Beginning in 2014, states could expand Medicaid coverage under the federal Affordable Care Act (ACA) and be completely reimbursed by the federal government for the incremental costs.

Currently, 31 states (including D.C.) have chosen to expand, with others considering doing so. Texas is not one of them.

About three years ago in the midst of the expansion debate, we released a study of the economic and fiscal effects for Texas of the Medicaid expansion decision. The hard data is now beginning to come in, and it is just as expected. States such as Texas which did not expand are spending more state funds for Medicaid and getting less coverage and health care for residents than states that chose to expand.

Health care needs do not simply go away because individuals do not have insurance coverage. When people are uninsured and cannot pay their bills, it leads to higher private insurance premiums and local taxes to cover the cost of providing uncompensated care. In addition, spending for health care generates an economic stimulus. Finally, when people have health insurance, morbidity and mortality are reduced, thereby increasing productivity.

In our 2012 study (which is available on our website at, we estimated the total economic benefits over the first ten years if Texas chose to expand Medicaid under the ACA. We looked at gains in business activity associated with health spending. We also looked at the cost of uncompensated care, which is currently borne by local governments (and, thus, local taxpayers) and privately insured persons (through higher premiums). If the cost of uncompensated care is reduced by expanding Medicaid coverage, more resources would be left in the hands of the private sector (both individuals and companies) to be used in other ways which generate economic benefits. Finally, we looked at the effects of having health insurance on morbidity and mortality, as well as productivity.

During the first ten years after implementation, we estimated that the total cumulative gross benefits to the Texas economy would include $270.0 billion (in 2012 dollars) in output (real gross product) and 3,174,640 person-years of employment. When multiplier effects are considered, we estimated that every $1 spent by the State returns $1.29 in dynamic State government revenue over the first 10 years of the expansion. In other words, participating in the expansion would not only improve access to health care, but would also more than pay for itself over time.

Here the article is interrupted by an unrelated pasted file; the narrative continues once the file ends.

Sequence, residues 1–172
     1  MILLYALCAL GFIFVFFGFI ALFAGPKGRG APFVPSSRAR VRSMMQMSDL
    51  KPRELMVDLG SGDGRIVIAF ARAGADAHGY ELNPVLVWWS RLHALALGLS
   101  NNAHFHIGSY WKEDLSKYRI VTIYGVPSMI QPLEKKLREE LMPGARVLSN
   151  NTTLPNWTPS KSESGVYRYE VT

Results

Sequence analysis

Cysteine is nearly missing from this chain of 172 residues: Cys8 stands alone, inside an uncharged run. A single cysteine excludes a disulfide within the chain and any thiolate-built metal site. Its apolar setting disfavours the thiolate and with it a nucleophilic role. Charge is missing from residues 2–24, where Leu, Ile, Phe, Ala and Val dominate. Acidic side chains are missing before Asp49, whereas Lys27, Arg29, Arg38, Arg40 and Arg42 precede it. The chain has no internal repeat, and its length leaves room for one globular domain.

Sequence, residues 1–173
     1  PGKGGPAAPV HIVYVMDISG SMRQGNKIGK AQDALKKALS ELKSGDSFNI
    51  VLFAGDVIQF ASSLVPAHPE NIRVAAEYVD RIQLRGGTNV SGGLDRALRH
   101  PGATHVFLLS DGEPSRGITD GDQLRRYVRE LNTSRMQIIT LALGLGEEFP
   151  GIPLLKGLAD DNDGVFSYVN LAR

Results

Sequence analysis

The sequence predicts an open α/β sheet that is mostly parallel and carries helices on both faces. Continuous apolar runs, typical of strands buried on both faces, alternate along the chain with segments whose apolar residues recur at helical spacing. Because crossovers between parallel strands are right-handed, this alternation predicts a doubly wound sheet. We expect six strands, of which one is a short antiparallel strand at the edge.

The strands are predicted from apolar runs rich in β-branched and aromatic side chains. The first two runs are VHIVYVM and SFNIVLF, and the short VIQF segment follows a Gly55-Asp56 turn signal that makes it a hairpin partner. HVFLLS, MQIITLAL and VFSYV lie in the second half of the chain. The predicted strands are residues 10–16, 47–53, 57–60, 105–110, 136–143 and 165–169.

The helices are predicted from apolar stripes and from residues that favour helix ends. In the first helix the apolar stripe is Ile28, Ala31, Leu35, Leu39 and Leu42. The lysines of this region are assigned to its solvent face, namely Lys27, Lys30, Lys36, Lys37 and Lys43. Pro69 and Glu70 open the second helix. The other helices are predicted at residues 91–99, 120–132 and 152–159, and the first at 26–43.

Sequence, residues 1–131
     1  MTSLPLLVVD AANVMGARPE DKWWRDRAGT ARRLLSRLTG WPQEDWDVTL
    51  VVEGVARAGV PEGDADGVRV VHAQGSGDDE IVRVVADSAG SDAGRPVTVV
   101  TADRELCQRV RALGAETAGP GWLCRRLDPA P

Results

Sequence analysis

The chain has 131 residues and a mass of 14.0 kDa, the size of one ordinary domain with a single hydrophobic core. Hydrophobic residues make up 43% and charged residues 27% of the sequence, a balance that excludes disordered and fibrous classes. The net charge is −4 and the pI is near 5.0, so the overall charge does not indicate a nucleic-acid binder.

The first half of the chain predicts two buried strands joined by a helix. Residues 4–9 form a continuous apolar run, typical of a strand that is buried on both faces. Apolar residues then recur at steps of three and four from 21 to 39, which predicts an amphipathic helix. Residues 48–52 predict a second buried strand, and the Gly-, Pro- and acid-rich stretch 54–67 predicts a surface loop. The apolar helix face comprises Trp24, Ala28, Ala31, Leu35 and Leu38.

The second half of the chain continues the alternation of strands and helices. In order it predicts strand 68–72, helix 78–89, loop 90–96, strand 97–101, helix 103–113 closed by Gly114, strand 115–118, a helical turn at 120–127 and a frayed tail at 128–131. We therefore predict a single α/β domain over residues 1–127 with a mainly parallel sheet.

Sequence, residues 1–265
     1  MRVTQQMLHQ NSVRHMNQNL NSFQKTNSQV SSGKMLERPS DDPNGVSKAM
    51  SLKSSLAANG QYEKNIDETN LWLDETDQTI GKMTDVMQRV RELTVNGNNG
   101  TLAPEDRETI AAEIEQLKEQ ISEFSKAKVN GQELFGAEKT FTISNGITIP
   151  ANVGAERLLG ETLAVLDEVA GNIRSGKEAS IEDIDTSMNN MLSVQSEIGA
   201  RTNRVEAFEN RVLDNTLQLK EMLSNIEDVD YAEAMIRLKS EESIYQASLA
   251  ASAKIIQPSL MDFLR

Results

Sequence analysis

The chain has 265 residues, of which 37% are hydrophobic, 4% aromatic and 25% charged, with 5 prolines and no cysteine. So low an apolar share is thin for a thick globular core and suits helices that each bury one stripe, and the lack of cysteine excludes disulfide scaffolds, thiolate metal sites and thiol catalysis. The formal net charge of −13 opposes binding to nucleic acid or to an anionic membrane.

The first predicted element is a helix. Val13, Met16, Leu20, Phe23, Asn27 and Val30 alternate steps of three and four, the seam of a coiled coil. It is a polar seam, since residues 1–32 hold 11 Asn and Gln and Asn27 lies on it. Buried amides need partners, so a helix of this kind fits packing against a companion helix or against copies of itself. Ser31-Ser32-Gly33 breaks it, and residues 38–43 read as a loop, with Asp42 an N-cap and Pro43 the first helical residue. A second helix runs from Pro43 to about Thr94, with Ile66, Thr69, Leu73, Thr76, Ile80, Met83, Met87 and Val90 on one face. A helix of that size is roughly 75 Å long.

It has been two years since states could opt to expand Medicaid under the ACA, and the economic and fiscal effects are beginning to show. The Henry J. Kaiser Family Foundation’s Commission on Medicaid and the Uninsured (KCMU) commissioned a survey of Medicaid directors in all 50 states and the District of Columbia regarding Medicaid spending and enrollment.

As noted, for states that expand Medicaid under the ACA, the federal government pays 100 percent of Medicaid costs of those newly eligible for 2014-2016, 95 percent in 2017, and gradually down to 90 percebt in 2020 and thereafter. This rate is well above the typical federal reimbursement rates. In Texas, the federal reimbursement rate dropped from 58.7 percent to 58.1 percent, meaning that additional state spending was needed to maintain the current programs.

Not surprisingly, Medicaid enrollment and total spending growth in expansion states far exceeded growth in non-expansion states. However, given federal reimbursement, state general fund spending was only minimally affected. The Kaiser survey found that in the 29 states that had implemented the Medicaid expansion in FY 2015, state general fund spending on Medicaid increased on average by 3.4 percent (compared to total Medicaid spending growth of 17.7 percent). For the 22 non-expansion states, state general fund spending on Medicaid increased by 6.9 percent on average, slightly higher than total Medicaid spending growth of 6.1 percent.

The Kaiser survey also asked Medicaid directors in expansion states about budget effects outside the Medicaid program. The directors noted benefits such as savings in other programs, lower uncompensated care costs, savings to the criminal justice/corrections from reimbursement for care provided to eligible individuals admitted to an inpatient facility (not on jail or prison grounds), and higher provider tax revenues or general revenues.

Beyond the economic considerations, of course, is the enormous human cost of leaving millions of Texans with no way to pay for health care, as well as the immeasurable quality-of-life gains from a healthier and more stable citizenry. Neither Medicaid nor the ACA are perfect, but the relevant question is not philosophical, it’s practical.

The entire Medicaid system could benefit from an overhaul to make it more efficient and sustainable. The ACA has structural problems that probably have to be modified at some point. Even so, the Medicaid expansion within the ACA is a key aspect of the current health care environment in which Texas must function. From an economic perspective, Texas should have participated in Medicaid expansion under the Affordable Care Act all along. By refusing, Texas has had to spend more State funds to maintain current programs, not to mention forgoing a chance to improve access to much-needed health care for hundreds of thousands of Texans, reduce the burdens on providers and local taxpayers, reduce pressure on private insurance premiums, and enhance State revenue through dynamic multiplier effects.